As one of the riders said at the EU reception, "Others will do it, but we were the first to ride velomobiles across the US." It was quite an adventure. Had we not had a time definite that we had to reach DC (the Europeans had planes to catch), we might still be riding. The last couple of weeks I would develop "hot foot" 90 to 100 miles into each day's ride. It would have been easy to stop someplace else to camp if we hadn't had the imposed discipline of Josef's planning.
It was a great group of riders from 7 countries. 22 Europeans and group of North Americans that varied in size over the ride. Over 50 riders participated in some part of the ride. 35 riders peddled into DC and John Abbey drove the truck carrying his damaged velomoblile.
There were several velos that were damaged along the route. The primary culprit was the dreaded rumble strip. Great for waking dozing truck drivers, they were the bane of our existence. It turns out that when you ride a velomobile on a rumble strip, the bouncing it causes screws up the rear suspension and creates a phenomena very much like skidding on ice in a car. Three velos flipped after losing control on rumble strips. Drivers were generally courteous although two riders were forced off the road by passing cars. Finally on the afternoon of the "victory lap" in DC one of the Dutch riders was hit by what turned out to be an unmarked secret service car making a turn. The rider was a little banged up but the velo will need some serious repairs.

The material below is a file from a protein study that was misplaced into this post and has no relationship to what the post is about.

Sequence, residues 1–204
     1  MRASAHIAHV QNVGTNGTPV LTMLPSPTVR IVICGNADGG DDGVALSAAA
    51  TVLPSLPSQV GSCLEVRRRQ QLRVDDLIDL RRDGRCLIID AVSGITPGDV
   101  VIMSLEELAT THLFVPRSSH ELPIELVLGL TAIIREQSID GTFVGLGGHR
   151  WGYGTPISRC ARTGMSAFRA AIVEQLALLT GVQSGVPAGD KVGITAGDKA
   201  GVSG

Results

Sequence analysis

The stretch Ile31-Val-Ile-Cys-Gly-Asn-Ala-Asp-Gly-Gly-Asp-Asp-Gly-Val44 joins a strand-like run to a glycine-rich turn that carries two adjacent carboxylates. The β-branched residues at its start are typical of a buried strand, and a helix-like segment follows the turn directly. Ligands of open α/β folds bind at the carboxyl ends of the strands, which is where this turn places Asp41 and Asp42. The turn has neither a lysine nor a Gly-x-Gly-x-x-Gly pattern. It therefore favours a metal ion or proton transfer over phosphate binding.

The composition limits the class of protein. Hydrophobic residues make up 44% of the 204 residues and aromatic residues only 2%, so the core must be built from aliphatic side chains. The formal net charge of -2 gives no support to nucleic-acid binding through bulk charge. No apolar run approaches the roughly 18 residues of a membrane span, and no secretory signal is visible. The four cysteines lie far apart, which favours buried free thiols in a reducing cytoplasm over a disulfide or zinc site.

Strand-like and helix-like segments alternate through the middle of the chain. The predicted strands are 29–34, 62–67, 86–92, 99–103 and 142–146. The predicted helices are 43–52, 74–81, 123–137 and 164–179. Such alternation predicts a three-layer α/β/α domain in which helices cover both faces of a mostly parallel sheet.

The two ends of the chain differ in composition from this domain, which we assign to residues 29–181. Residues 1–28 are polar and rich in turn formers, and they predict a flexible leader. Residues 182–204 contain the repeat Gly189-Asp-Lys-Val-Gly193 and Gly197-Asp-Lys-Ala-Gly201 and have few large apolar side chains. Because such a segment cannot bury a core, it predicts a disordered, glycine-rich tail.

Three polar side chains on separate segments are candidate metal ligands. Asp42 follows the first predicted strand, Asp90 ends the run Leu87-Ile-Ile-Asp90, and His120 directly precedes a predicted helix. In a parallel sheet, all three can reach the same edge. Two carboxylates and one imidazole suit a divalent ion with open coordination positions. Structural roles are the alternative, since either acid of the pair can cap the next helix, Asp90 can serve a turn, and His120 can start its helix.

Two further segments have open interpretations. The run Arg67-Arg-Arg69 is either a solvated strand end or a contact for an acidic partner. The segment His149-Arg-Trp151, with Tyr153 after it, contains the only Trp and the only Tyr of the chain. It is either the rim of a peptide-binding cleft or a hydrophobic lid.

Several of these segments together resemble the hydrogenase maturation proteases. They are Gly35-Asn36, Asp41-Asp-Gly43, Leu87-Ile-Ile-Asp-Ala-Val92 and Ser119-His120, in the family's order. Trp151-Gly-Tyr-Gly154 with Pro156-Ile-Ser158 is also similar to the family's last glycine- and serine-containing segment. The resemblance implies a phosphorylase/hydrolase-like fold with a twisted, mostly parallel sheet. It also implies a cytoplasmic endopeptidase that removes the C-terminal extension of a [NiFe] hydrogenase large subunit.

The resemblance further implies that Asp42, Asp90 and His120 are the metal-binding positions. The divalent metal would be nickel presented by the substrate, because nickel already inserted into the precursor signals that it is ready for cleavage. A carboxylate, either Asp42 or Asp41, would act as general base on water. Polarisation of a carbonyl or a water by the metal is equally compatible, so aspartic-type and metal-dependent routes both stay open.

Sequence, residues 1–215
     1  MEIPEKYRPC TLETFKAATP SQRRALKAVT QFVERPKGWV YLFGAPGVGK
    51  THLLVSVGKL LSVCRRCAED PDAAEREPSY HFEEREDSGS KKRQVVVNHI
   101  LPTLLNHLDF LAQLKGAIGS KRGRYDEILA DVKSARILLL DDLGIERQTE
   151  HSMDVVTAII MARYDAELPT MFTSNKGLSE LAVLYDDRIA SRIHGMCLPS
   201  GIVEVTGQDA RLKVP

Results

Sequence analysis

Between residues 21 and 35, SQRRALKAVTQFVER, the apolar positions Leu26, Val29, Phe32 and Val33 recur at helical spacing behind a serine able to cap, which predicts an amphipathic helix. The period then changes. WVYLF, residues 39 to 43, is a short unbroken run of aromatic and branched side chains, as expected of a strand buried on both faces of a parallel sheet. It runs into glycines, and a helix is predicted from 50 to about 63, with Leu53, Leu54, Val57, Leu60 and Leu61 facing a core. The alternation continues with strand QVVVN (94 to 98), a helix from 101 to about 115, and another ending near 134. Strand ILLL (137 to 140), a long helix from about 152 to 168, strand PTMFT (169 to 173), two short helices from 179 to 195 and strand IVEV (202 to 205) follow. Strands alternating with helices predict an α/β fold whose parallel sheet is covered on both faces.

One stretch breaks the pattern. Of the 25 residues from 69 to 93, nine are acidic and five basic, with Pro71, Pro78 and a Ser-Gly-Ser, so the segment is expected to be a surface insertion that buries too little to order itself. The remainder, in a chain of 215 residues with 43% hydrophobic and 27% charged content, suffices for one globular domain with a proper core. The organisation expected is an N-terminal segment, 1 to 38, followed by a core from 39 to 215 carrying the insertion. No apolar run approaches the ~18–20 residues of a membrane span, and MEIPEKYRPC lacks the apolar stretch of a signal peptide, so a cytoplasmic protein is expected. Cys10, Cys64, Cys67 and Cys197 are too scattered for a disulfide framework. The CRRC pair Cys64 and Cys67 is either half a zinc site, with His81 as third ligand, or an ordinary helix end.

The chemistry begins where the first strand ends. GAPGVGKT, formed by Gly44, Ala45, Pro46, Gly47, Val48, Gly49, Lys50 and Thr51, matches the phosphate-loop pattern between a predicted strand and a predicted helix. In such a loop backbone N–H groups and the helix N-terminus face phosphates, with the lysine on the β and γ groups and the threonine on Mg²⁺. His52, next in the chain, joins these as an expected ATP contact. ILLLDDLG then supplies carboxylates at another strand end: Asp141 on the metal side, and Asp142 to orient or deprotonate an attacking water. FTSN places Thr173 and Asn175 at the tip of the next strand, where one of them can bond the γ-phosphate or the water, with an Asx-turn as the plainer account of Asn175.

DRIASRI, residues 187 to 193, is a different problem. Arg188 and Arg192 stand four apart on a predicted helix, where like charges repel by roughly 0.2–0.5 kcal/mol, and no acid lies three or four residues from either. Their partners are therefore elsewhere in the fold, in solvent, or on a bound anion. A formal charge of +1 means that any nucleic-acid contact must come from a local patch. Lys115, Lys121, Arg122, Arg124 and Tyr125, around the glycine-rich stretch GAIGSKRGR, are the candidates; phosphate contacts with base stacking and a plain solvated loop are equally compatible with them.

That said, we velomobilists (velonauts if you prefer) definitely prefer roads to Multi Use Trails.
Local bike activists, rightly proud of the the trails they have worked so hard to establish couldn't quite understand why we kept ignoring their carefully planned routes to ride down roads. The reality is that velomobiles are best suited to smooth surfaces with the gentle curves of roads rather than the sharper turns of some bike paths. Packed limestone may be fine for mountain bikes but give us a road any day. Gravel, forget about it. We spent a lot of time on US 12 the least traveled of the cross country routes. While there were trucks, it had a wide shoulder and a smooth surface. There were times in Indiana riding on bumpy back roads when we all longed for US 12. At the end of the ride Mike, one of the North American riders presented Josef (our tour captain) with a replica of a US 12 sign
For four weeks I focused almost completely on riding and related tasks, (eating, sleeping and keeping the velomobile running). I frequently found myself asking what day of the week it was, and only looked at the news for stories about ROAM. I think this was my favorite.
I got to know some great folks that I hope to stay in touch with. Roll Over Europe anyone?